Libertatem Magazine

Bombay High Court: No Straitjacket Formula of a Woman’s Reaction to an Act of Outrage

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The accused filed a bail application in a case concerning Sections 376, 354A, and 354B of the Indian Penal Code. In this case, after assessing the circumstances, Bombay High Court granted bail.

Brief Facts of the Case 

The complainant alleged that the applicant, an acquaintance forced himself on her on 28 October 2019. This took place when the complainant was on a trip with her friends in Aamby Valley to celebrate Diwali. In the statement, the complainant said that she entered a bedroom on the second floor of the bungalow to sleep. In the wee hours of the morning, she woke up to the applicant, forcing himself on her and pushed him away. An FIR was lodged at the Paud Police Station on 8 November 2019. The applicant was arrested in December 2019 and has been incarcerated ever since. Thus, the present application is filed by the accused seeking bail.

Petitioner’s Submission

The complainant submitted that she knew the accused from the past eight years. On 27 October 2019, she went to Aamby Valley with her friends to celebrate Diwali. The applicant was also present there. The complainant went to a room on the second floor to have rest while the party continued. In the wee hours of the morning, she woke up to the applicant forcing himself on her. She narrated this to her friends the next day, and on 29 October 2019, everyone went home. She suffered depression and had to consult a psychiatrist. Resultantly, on 8 November 2019, the complainant lodged an FIR against the applicant with the Paud Police Station.

The A.P.P and counsel for intervenor argued that the offense is serious since the modesty of a girl has been outraged. The applicant has admitted to his guilt in many WhatsApp messages to his friends, where he apologizes for his actions. This amounts to an extra-judicial confession.

Respondent’s Submission

The counsel for the applicant argued that there is an unexplainable delay in lodging the FIR. The explanation that the complainant was scared is insufficient. The counsel for the applicant argued that there are glaring inconsistencies in the complainant’s statements under Section 164 of the CrPC. These inconsistencies relate to the point of time when she disclosed the incident to her friends. In the zero FIR, she said that she didn’t disclose the incident to anyone and left the bungalow on the second day. But, in a later statement, she said that she disclosed the incident to her friends on 29th October 2019 before everyone left.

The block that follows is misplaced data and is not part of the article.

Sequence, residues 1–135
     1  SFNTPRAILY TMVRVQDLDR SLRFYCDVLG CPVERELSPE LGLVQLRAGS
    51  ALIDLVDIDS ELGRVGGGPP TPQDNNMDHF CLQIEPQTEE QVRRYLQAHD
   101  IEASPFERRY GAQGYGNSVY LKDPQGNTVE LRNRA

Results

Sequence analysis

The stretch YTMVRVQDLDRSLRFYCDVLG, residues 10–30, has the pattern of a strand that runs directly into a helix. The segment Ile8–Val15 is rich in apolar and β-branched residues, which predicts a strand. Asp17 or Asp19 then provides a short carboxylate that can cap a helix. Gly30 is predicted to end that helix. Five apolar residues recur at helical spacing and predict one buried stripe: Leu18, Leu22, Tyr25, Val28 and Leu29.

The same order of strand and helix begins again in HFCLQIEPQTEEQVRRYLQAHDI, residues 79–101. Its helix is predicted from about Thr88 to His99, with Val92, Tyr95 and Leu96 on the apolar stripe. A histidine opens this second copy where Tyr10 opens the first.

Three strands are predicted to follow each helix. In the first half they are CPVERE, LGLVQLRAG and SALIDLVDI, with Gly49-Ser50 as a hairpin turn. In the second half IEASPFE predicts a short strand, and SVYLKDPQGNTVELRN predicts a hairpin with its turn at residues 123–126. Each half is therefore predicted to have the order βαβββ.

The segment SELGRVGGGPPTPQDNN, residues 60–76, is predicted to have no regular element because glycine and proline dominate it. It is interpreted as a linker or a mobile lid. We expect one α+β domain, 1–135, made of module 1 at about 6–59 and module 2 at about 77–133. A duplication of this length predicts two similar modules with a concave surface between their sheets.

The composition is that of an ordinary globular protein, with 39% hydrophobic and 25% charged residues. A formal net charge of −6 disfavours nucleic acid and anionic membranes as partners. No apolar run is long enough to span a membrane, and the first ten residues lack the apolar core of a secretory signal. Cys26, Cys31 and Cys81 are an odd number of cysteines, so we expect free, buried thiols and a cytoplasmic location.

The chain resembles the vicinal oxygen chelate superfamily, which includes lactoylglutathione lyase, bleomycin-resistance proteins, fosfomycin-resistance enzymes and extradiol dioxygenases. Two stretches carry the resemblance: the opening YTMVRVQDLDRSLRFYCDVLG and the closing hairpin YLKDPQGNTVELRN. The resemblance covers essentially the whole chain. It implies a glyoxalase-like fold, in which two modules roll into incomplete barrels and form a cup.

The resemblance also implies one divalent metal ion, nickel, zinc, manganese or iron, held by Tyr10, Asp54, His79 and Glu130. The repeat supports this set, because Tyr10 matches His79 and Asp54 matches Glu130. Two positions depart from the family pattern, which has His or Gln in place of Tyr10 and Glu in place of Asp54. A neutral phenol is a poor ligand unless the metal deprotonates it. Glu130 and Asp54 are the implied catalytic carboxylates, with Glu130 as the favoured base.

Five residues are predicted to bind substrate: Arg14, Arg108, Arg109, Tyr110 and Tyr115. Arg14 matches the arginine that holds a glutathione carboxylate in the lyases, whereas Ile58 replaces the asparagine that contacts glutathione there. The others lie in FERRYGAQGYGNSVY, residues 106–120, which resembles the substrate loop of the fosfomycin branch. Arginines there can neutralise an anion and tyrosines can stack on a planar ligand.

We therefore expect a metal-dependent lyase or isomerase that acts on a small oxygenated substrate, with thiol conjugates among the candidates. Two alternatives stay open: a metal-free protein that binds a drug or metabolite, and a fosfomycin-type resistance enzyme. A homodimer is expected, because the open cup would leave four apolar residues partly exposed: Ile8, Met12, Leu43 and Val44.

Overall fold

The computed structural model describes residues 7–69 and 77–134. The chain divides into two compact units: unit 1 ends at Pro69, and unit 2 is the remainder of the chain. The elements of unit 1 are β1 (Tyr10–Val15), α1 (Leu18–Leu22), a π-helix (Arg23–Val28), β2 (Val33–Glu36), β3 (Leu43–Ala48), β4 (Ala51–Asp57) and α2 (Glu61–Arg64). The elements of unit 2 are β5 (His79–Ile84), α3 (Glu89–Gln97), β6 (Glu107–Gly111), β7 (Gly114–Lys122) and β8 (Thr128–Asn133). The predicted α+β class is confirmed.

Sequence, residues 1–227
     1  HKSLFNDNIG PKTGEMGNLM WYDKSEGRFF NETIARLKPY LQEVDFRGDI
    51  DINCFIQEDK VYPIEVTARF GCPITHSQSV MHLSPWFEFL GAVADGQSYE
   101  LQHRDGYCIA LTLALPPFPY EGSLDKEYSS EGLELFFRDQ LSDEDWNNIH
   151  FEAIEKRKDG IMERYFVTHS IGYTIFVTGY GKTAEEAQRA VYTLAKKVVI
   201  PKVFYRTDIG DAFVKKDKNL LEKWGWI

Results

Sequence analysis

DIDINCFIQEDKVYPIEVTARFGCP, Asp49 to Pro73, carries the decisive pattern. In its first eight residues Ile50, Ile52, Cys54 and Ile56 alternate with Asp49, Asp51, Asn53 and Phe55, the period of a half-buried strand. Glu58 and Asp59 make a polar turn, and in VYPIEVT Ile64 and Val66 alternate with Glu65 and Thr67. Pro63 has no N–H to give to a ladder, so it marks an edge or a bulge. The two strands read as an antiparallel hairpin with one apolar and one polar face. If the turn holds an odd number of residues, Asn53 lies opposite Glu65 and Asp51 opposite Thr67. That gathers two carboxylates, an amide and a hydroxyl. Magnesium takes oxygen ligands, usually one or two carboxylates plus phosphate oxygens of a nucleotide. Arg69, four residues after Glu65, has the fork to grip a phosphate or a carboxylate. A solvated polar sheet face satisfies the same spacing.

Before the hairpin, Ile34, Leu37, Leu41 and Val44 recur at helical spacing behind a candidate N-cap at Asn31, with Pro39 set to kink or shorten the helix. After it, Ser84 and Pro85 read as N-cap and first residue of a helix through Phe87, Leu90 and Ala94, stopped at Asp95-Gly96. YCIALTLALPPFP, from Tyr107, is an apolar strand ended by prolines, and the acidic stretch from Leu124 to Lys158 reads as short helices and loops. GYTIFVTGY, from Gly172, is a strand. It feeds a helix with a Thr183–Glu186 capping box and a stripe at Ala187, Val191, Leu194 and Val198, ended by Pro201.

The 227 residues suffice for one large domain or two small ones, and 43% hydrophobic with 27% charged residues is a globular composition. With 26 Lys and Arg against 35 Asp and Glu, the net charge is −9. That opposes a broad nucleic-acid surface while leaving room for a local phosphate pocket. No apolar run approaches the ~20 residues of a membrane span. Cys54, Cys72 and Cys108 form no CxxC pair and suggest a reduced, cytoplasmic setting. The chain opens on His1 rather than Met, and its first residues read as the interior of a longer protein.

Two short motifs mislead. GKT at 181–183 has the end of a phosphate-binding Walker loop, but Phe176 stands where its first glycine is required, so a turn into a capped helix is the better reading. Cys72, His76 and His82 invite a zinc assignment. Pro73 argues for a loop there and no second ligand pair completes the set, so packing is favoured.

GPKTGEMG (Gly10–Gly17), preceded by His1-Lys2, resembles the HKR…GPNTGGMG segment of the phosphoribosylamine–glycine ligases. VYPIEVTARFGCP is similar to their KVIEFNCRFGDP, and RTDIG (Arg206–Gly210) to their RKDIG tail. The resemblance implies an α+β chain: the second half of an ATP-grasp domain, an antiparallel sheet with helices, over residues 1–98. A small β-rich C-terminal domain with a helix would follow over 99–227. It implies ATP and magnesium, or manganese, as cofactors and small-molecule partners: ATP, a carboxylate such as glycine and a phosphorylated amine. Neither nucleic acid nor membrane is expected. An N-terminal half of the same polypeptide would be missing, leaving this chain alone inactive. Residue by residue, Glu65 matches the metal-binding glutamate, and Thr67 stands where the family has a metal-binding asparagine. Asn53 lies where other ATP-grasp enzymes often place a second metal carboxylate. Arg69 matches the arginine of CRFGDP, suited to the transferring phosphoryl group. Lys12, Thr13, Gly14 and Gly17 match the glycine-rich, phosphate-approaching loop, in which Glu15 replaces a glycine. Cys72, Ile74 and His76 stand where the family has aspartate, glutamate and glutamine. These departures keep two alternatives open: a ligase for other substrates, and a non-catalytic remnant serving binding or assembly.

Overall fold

Statements recorded by two of their friends from the night reveal that they saw the applicant and complainant sleeping together in the bedroom. The applicant also contended that one of the photographs placed on record shows the applicant and complainant in a friendly pose after the alleged incident took place. The counsel also argued that as per the complainant’s medical history, she was drunk at the time of the incident and so not in full consciousness to understand.

Court’s Observation

The Court observed that the submission put forth by the complainant that despite her raising alarm and calling for help, no one came to her rescue was astonishing. The WhatsApp chats relied upon by the prosecution and intervenor to prove the guilt of the applicant amounts to an extra-judicial confession. This is a weak piece of evidence unless corroborated with substantial evidence. Moreover, the messages do not refer to the alleged incident. They only show the applicant apologizing for his conduct with the complainant.

The Court observed that there are no reasonable grounds for believing that the applicant is guilty of the offenses for which he is charged. The Court stated that this was a prima facie opinion and must not influence the trial in any manner. It also observed that there could be no straitjacket formula to determine how a woman may react to an act of outrage.

Court’s Decision

At the outset, the Court laid out that the liberty of the person is a sacrosanct right. While deciding a bail application, the Courts must create a balance between the liberty of the accused and the interests of the victim. The Court acknowledged that the applicant had been incarcerated for the past seven months. He has no criminal antecedents. He is a young graduate in Mechanical Engineering. His father runs a business of manufacturing goods. Therefore, he has firm roots in the society, and the likelihood of him fleeing is low.

Further, due to the ongoing pandemic, there is a huge pendency of cases. The possibility of the case progressing soon is distant. The Court thus feels that keeping the accused incarcerated for an indefinite period would be in contrast to the concept of liberty. The Court, therefore, accepts the application and releases the accused on bail. is now on Telegram. Follow us for regular legal updates and judgments from the court. Follow us on Google News, InstagramLinkedInFacebook & Twitter. You can also subscribe to our Weekly Email Updates. You can also contribute stories like this and help us spread awareness for a better society. Submit Your Post Now.

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